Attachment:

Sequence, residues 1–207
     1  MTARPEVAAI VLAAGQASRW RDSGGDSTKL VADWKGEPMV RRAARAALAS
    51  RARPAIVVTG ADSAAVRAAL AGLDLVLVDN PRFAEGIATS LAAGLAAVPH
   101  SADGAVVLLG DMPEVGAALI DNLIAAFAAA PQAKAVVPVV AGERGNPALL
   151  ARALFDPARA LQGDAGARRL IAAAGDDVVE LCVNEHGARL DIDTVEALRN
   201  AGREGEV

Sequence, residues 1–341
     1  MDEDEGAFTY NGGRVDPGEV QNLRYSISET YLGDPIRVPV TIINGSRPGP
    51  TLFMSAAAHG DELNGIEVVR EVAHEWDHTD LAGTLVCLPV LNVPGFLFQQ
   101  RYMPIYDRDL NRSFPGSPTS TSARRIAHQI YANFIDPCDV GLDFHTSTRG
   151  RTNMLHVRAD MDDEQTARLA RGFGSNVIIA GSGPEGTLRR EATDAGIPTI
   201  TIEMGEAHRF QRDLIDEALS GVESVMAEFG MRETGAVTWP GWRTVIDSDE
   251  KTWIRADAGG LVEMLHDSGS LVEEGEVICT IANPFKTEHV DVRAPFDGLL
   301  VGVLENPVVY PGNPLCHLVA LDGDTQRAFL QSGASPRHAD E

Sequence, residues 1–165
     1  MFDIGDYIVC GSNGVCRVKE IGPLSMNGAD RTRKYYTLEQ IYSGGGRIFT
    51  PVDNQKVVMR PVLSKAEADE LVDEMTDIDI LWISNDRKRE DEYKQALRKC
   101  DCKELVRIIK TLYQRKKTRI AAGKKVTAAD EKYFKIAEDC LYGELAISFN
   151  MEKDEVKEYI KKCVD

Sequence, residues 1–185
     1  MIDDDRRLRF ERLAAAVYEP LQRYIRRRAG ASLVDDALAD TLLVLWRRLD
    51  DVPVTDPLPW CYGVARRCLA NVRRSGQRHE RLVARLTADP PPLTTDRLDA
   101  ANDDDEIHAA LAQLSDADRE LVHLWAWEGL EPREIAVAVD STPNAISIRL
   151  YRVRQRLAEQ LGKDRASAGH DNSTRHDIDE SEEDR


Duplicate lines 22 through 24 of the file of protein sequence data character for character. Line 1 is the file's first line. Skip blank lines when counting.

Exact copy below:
    51  DVPVTDPLPW CYGVARRCLA NVRRSGQRHE RLVARLTADP PPLTTDRLDA
   101  ANDDDEIHAA LAQLSDADRE LVHLWAWEGL EPREIAVAVD STPNAISIRL
   151  YRVRQRLAEQ LGKDRASAGH DNSTRHDIDE SEEDR